An inch is about the width of a thumb. My thumb is about 7/8" so it's reasonably close for an approximation. My foot is almost a foot in length, but I admittedly wear a large shoe size. It's close enough that if I wanted to get a rough measurement of a room it's good enough. But usually I just take a stride to be approximately 1 meter (which is also approximately 1 yard) and just count strides.

Fahrenheit isn't actually that bad for describing the weather. The weather most of the time in most places will be between 0 and 100 F. If temperature is outside that range it's either cold enough or hot enough to be potentially dangerous if you are outside for an extended period and you aren't prepared. With Celsius you have to deal with negative temperatures in your range for regular winter weather. So if you need a temperature scale for everyday usage, I find Fahrenheit is perfectly fine. And for science, absolute zero should be 0 degrees, so Celsius isn't even all that useful there either, except for being easier to convert to Kelvin.

Comment Re:I only use IMDB for the user reviews (Score 1) 478

That's basically all it was. After the whole prequels mess and how they have not aged well, they just played it safe with something that was not original but felt very Star Wars. It wasn't the best Star Wars movie, but it was far from the worst, and I was entertained. A score of 8.1/10 might be a bit high, but I would consider it a pretty solid 7/10.

Comment Re:The problem is depth perception (Score 1) 49

The probem with that is that they are most likely doing some kind of reinforcement learning. That requires not just an input, but also an ability to respond to the input, and then be scored on the response.

A game that simulates driving like this might be an excellent way to get a baseline level of training for the AI, since it can experience many more combinations of situations in simulation than it can in real life driving.

Comment Re:Do you code? (Score 1, Interesting) 353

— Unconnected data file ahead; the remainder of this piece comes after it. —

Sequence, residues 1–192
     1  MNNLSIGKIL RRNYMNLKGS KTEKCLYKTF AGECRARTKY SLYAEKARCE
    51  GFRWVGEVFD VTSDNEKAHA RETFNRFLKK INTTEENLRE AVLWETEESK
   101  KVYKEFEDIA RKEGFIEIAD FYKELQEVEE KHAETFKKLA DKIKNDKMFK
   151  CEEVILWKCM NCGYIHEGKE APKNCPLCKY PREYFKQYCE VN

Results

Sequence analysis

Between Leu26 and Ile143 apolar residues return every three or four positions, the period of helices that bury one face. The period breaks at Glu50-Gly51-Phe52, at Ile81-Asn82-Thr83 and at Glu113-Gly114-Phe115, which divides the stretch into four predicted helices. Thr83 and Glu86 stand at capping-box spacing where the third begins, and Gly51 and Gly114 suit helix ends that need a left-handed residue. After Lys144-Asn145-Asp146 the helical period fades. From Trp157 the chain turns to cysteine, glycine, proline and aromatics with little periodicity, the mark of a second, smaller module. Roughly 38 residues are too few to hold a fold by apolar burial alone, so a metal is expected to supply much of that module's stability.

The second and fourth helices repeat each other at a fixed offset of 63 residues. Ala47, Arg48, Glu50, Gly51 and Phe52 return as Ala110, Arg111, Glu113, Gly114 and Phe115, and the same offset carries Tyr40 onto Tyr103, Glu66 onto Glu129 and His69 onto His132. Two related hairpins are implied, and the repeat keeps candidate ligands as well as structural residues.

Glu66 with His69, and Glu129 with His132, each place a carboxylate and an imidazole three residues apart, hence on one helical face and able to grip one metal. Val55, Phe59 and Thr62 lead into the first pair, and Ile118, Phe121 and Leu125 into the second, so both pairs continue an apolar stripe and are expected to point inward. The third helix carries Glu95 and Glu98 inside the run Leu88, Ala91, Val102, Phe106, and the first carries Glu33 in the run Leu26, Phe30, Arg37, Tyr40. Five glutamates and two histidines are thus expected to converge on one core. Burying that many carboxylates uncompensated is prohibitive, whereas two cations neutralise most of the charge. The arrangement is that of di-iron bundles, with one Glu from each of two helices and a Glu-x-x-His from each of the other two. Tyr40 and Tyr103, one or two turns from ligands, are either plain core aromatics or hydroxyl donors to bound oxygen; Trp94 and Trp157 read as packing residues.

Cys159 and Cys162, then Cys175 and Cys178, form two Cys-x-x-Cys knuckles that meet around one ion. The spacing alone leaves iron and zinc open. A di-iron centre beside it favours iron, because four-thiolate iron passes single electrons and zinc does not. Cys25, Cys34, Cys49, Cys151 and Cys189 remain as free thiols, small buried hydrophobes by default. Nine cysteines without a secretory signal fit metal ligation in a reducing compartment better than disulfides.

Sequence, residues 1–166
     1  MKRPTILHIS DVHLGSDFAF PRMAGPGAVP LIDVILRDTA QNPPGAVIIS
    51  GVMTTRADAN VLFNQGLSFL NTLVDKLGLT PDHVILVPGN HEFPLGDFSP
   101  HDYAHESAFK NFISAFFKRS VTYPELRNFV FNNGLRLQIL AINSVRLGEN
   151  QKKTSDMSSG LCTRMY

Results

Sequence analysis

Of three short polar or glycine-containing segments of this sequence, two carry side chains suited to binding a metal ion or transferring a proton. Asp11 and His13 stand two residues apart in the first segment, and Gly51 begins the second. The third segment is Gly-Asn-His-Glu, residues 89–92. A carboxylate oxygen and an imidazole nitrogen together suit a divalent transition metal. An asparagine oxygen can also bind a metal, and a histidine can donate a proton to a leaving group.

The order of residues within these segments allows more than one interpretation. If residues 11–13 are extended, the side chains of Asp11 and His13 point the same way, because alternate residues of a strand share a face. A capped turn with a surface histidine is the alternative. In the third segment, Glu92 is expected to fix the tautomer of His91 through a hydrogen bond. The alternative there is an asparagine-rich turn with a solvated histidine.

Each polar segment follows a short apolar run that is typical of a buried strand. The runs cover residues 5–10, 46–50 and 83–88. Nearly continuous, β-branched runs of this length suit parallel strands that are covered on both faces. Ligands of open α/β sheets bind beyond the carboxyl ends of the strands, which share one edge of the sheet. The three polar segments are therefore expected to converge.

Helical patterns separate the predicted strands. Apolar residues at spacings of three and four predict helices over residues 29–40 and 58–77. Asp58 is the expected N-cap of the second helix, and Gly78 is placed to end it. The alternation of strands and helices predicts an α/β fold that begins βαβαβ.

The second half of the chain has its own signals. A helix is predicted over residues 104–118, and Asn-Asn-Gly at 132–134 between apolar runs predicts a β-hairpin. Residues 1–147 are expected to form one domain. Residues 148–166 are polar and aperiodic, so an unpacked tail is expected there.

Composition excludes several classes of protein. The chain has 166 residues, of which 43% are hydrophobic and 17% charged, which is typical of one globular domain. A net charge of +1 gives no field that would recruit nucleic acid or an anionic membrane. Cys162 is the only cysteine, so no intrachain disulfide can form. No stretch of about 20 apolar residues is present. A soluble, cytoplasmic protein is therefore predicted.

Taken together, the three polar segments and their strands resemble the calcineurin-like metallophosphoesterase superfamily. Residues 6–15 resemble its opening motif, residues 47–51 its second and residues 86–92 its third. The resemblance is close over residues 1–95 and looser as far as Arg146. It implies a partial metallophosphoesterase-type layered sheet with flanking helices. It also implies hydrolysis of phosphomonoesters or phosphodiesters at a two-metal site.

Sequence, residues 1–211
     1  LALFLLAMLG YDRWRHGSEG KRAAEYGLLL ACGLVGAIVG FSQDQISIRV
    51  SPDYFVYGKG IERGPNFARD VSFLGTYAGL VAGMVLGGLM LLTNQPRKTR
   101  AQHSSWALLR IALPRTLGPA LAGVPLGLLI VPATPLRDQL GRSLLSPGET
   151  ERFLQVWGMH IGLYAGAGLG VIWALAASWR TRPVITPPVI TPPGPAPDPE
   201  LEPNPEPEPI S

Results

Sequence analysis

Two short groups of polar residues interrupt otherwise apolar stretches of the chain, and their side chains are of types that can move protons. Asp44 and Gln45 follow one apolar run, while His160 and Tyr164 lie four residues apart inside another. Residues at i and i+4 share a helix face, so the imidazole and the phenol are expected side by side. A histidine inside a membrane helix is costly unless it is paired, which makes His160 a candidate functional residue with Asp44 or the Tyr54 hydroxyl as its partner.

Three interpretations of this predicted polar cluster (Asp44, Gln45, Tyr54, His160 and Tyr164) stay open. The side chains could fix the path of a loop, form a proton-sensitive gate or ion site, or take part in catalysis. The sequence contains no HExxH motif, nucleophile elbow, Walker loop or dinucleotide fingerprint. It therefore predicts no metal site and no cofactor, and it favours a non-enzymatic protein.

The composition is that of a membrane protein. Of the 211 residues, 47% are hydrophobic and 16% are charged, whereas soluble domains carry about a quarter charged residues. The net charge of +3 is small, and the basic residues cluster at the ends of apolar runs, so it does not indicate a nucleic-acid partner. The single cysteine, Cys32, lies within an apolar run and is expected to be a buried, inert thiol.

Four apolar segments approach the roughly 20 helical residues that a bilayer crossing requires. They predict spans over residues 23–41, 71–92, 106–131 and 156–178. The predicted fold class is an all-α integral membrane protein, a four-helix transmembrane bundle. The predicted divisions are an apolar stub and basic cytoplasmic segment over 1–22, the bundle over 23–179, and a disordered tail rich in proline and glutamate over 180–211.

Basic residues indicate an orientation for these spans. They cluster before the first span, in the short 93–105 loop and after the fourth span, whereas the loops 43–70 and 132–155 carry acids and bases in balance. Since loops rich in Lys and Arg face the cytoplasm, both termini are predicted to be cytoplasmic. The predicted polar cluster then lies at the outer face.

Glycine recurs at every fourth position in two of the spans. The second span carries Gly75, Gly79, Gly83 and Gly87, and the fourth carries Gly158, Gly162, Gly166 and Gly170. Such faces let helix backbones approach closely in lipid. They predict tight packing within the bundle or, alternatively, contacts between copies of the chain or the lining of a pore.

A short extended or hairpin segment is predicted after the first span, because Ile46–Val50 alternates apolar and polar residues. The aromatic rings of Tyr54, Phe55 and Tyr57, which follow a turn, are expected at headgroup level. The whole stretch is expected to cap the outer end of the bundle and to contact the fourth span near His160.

Also you have interface complexity. Adding these features requires some way to use the features, possibly including configuration options, menu items, hotkeys and so on. Prior to the Ribbon, Microsoft tried to fix this in Word by hiding all the menu items you had not used yet, so you'd never know those features were there to be used. My boss constantly asks me to remove menu items and "simplify" but he never has any answers on where he thinks users should go to access those features if they're no longer in the menu. Relevant Dilbert.

Comment Re:I don't expect action on this (Score 2) 48

I remember those 16 oz returnable bottles and how carrying two 8 packs back to the dorm two blocks damn near killed my hands they were so heavy.

I have a hard time believing that germaphobes, and not cost, had anything to do with the death of "Coke bottles". Unless you only eat fast food, EVERY ITEM ON YOUR RESTAURANT TABLE except the food has been used before, and that's just ONE example.

Those returnable bottles were extremely heavy, 12 ounces empty when they held 16 ounces of liquid. An eight pack weighs 6 pounds empty, 14 pounds full. The fuel cost alone of hauling around tons of glass bottles is enough to justify switching to cans and plastic bottles.

And this is in fact what's been driving the craft beer industry to adopt canning over bottles. The weight and volumetric inefficiency of bottles is very high. Cans are highly recyclable and the linings are good enough that the flavor isn't compromised. They stack denser and weigh less than bottles. They don't break as easily.

Comment Re:Sponsors? (Score 1) 215

It's not a legitimate criticism? I mean, if you take a healthy person and bang them with a load of insulin they're not going to become hypoglycemic, especially with the absence of a load of actual glucose for the insulin?

If you have a well-understood cause-effect and you claim the cause is there don't you have to explain the lack of a reaction for similar causes?